2008 US Election, Ray D'Cruz

McCain wins third presidential debate: D’Cruz

Judge: Ray D’Cruz
Winner: McCain
Scores: McCain 83 | Obama 80

Senator John McCain won the third presidential debate of the 2008 US election because he made the running while Obama was simply too passive. McCain scored the wins while making some mistakes along the way. Principally this was a tactical win.

McCain was tactically better in the discussion about the economy. While Obama’s opening comments about the economy were well made, McCain managed to turn the economic discussion into a tax debate. McCain cast himself as the low tax champion who could wield both hatchet and scalpel. He contrasted Obama as profligate. Obama’s attack on the McCain proposal to cut taxes for the wealthy was not as sharp as in the last two debates (missing the point that that opposition to this tax cut would create savings). His advocacy of the middle class and attacks on the current Republican president were also not as visible and well supported as previously.

McCain also turned the education discussion into a debate about vouchers. McCain’s DC vouchers example caught Obama off guard. It didn’t always work for him though. Some issues he twisted too far – such as trying to turn the discussion about negative campaigning (with some righteous indignation) into a defence of the military wives and veterans who attend his rallies. And also suggesting the negative campaign was due to Obama’s refusal to engage in town hall debates. 

The discussion about the choice of vice president was a great example of the contrast between these two men in the debate. Others may comment about whether it is representative of their campaigns. Obama treaded around criticism of Sarah Palin’s experience to talk positively about Joe Biden (in tired and timid tones). McCain attacked Biden ferociously on his reputed strength, foreign policy. Obama stayed above the fray, McCain got stuck in.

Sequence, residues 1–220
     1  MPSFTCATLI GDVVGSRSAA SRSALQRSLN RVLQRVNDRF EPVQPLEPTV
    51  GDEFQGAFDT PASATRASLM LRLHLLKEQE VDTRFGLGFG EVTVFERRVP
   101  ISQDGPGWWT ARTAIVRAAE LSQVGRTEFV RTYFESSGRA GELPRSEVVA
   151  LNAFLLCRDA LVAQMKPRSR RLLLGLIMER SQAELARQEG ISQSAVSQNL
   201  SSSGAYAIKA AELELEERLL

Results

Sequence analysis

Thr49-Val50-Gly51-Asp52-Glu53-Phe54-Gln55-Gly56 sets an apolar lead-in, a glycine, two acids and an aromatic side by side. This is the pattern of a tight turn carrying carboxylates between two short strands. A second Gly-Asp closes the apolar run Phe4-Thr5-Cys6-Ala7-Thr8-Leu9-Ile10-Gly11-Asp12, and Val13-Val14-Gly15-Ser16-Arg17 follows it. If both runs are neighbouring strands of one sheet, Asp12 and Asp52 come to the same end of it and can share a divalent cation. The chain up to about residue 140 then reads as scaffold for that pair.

On the detailed health discussion Obama was more effective, answering McCain’s charges very clearly while outlining a plan with precision and detail. McCain looked desperate while discussing Bill Ayres and ACORN. Obama handled each issue in turn clearly and convincingly. But ultimately, this was not a substantive issue for him, it was an issue to neutralise or negate. The same could be said of his defence of his voting record in the Illinois State Legislature on abortion.

Other issues were about even. Energy for example, saw both mention alternative, renewable energy supplies, but avoid certain issues (McCain silent on fuel efficiency, Obama silent on nuclear power). Free trade was an interesting issue but not decisive mainly because it was so messily debated by both.

The manner of both speakers provided a significant contrast. McCain was aggressive, boxer-like. McCain attacked Obama’s “eloquence” by suggesting viewers could not trust his words, twice taking issue with the wording of responses. He interrupted and interjected and once even declared himself the winner of an argument. His conviction was evident, but it was over the top at times, almost desperate. On the other hand Obama’s calmness bordered on indifference. Obama’s manner seemed to suggest he’d had the debate before and wanted to move on. That might be right, but here was a debate to be won. He couldn’t be bothered responding to jibes such as “spreading the wealth around” and “class warfare”. His opening and close were more authoritative but there was not enough variety in his manner, and it obscured some of his key messages.


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